In approach 2 of our Collapsable implementation, we use a closure to store our content and evaluate this in the body. Due to the optimizations that SwiftUI uses for views, the indirection that approach 2 introduces produces has an unwanted and interesting side effect.

We will first check the behavior of a Collapsable view written using approach 1. This is how the Collapsable implementation looks like, I chose that it is initially collapsed:

struct Collapsable<Content: View>: View {
  @State var collapsed: Bool = true
  let content: Content

  init(@ViewBuilder content: () -> Content) {
    self.content = content()
  }

  var body: some View {
    VStack {
      if !collapsed {
        content
      }
      Button(collapsed ? "↓ open" : "↑ close") {
        visible.toggle()
      }
    }
  }
}

Now let us use the view like this, where we a counter value can be collapsed and expanded, and increased by a button:

struct ContentView: View {
  @State var value: Int = 0

  var body: some View {
    VStack {
      Collapsable {
        Text("Value: \(value.value)")
      }
      Button("Increase") { value.increase() }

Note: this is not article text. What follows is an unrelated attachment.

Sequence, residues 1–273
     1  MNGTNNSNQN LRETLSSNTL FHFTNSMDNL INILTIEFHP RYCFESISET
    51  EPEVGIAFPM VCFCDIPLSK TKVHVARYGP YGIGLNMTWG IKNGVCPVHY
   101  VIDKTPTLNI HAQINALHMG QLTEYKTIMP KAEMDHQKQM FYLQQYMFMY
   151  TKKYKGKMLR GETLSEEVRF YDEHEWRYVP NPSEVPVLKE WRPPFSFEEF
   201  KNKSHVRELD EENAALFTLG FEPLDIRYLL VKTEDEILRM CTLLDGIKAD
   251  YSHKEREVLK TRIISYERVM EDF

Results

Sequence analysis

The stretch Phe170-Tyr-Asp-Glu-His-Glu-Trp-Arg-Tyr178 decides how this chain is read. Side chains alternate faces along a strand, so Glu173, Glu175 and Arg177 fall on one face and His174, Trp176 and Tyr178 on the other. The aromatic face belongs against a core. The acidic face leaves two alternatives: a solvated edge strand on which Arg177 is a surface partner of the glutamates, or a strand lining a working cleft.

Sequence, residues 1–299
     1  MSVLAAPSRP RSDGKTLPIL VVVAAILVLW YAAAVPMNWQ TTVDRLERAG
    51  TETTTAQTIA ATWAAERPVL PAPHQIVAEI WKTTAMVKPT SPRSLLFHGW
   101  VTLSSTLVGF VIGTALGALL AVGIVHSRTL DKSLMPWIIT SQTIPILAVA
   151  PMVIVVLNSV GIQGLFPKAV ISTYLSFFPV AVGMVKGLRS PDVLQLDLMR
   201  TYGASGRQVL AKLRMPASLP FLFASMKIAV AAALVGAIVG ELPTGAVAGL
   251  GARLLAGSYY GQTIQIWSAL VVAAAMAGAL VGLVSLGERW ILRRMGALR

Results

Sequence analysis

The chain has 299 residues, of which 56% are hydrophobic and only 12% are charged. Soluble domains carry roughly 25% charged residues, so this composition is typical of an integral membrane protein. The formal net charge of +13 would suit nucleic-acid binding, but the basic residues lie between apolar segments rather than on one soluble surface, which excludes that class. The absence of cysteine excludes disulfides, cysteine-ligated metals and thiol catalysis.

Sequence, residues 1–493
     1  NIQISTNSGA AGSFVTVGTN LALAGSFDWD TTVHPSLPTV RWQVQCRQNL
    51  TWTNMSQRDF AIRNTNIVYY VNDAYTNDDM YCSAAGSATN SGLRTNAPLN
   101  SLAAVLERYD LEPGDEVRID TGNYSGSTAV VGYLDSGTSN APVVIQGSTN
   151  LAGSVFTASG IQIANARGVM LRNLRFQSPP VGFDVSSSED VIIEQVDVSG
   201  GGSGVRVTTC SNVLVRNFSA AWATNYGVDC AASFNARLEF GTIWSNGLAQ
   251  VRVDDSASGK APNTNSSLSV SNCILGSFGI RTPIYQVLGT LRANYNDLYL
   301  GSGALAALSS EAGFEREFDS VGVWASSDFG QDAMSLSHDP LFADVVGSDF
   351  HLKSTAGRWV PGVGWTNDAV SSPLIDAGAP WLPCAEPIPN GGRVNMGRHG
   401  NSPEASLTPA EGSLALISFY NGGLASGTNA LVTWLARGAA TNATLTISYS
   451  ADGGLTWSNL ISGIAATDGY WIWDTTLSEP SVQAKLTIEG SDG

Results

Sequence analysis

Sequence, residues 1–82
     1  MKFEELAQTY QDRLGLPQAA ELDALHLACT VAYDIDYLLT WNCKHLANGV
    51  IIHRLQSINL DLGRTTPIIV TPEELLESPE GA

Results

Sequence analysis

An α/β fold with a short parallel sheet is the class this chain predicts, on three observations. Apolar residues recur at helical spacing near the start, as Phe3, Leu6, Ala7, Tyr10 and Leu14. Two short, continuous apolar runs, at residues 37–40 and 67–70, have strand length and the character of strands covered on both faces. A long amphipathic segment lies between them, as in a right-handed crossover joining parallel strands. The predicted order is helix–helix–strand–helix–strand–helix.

}
  }
}

Everything works as expected, tapping the increase button will update the state, and the counter value can be hidden and displayed.

We will now use the Collapsable view with the same counter example, but change its implementation to follow approach 2:

struct Collapsable<Content: View>: View {
  @State var collapsed: Bool = true
  let content: () -> Content

  init(@ViewBuilder content: @escaping () -> Content) {
    self.content = content
  }

  var body: some View {
    VStack {
      if !collapsed {
        content()
      }
      Button(collapsed ? "↓ open" : "↑ close") {
        visible.toggle()
      }
    }
  }
}

With this new implementation, we experience a glitch. It generally works fine, but if we increase the counter before the Collapsable view is expanded for the first time, and only then expand it, we see a wrong value of 0. If we increase the state one more time, it jumps from 0 to the current counter value.

The underlying reason for this bug is another cool SwiftUI optimization: If a @State variable is not used in the evaluation of a body, changing this variable does not trigger a view evaluation, and does not trigger an update to the view's properties to there values as managed inside the SwiftUI framework. It is a smart optimization, and works well together with memoization: if an input variable is not used, the view does not need to be re-evaluated when it changes, and when it is used, the view only needs to be re-ealuated when it changed.